There’s been a lot of calls for #defundthepolice. It initially sounds like people want to get rid of the cops which is usually not the case. There are organizations that are aiming for that like MPD150. They certainly have the goal to get rid of the police entirely in a very long term way but I’m just going to assume that won’t be as politically viable in the United States. Most of the movement is about reducing the funding for the police and directing it to society’s actual problems ahead of time. Why catch the criminal instead of preventing them being one?
Background: What do we spend on policing?
We spend a lot on policing! So here’s a fun fact. If you’ve never heard the term discretionary and non-discretionary funds it’s an important distinction. Non-discretionary funds must be paid for by commitment or law. This includes things like debt, public works, HUD, the mayor’s office, etc. Most things are funded by both, but if you look at this pretty graph in Oakland you can see the vast majority of the police budget is discretionary funds. Which is good! It means we have control over it over through without requiring to be passed.
Another thing you’ll notice is that education and OUSD (Oakland unified school district) isn’t on there. I think that’s because schools budgets are actually in school districts which are different than a city? It was difficult to find out why.
OUSD site’s doesn’t have working links for their financial reports but this shows that OUSD budget is around $568 million (https://edsource.org/2019/oakland-unified-board-approves-budget-despite-doubts-about-its-accuracy/614579). I’m honestly not sure if there are any line items that I’m missing, like I don’t know how Laney works in Oakland. Or other organizations like OUSD.
I chose Oakland because they seem to be much better about open access. So props to the city of Oakland.
So let’s break this down what are some of Oakland biggest line items:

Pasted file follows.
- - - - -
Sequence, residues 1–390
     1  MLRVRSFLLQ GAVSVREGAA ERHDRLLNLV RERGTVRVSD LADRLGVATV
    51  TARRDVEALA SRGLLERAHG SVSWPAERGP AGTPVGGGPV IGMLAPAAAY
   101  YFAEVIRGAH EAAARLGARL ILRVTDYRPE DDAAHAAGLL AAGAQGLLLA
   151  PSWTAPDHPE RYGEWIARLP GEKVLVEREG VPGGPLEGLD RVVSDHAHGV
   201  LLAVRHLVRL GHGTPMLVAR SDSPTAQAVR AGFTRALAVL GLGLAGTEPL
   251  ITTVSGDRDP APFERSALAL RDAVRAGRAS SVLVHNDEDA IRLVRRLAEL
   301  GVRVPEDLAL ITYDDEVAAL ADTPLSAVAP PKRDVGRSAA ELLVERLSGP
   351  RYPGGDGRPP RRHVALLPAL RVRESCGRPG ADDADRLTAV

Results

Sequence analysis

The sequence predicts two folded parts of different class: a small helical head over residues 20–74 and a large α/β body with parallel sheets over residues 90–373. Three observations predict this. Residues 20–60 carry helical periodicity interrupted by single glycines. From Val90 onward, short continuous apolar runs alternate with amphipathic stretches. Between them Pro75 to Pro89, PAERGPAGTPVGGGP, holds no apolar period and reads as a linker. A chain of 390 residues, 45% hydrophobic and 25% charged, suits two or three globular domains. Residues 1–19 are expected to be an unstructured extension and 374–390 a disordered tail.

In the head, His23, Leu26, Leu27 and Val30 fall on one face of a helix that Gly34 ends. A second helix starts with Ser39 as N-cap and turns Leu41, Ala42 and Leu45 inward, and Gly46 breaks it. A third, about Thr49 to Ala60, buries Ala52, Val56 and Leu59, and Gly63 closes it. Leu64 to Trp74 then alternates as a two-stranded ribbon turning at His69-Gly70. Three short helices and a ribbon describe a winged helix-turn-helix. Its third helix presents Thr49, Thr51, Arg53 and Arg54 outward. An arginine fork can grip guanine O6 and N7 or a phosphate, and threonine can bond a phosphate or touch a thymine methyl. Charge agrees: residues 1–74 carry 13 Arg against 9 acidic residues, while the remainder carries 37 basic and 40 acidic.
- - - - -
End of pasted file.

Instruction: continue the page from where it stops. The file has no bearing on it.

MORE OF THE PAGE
– Debt: $330 million
– Police $291 Million
– Fire: $145 million
– Public Works: $137 Million
– Human Services: $79 million
– Capital Improvements: $65 million
The police are still the 3rd largest line item (if we include OUSD). Larger than housing, parks, and transportation combined. I’ve seen lots of articles talk about 40% of discretionary budget which is accurate but I wanted to give background on it. When I first saw it I didn’t realize the distinction here. I also see a lot of graphs that only show discretionary funds only and then show percentages.
Alternative: Replacing cops
We could easily replace the cops with more humane and better services oriented toward the issues. Instead of focusing on “enforcement” we could focus on getting people the help they need. At lower costs. There hasn’t been a lot of studies or information on this because it hasn’t happened too much in the US. The best we have is that the crime rate continues to plummet even though police budgets continue to stay stagnant Source.
Mental Health Checks
Why couldn’t a trained social worker professional come and help out? There’s actually a program in Eugene that doesthis and they’ve had success. They cost less than a million a year which is a fraction of a $58 million budget for the police in Eugene but they handled 17% of all the calls to police in Eugene. That’s nuts! I love this quote from the article that talks about benefits for everyone: “When I’m talking to a more liberal group of people, I’ll make the argument it’s the compassionate thing to do, it’s the humane thing to do,” said Manning Walker, a 35-year-old Cahoots medic and crisis worker. “When I’m talking to a conservative group, I’ll make the argument that it’s the fiscally conservative thing to do because it’s cheaper for us to do this than for the police and firefighters.” So when talking about #defundthepolice please bring this case up! I think this quote is a great example. These programs can be tried out locally and cater to the needs of communities in each area.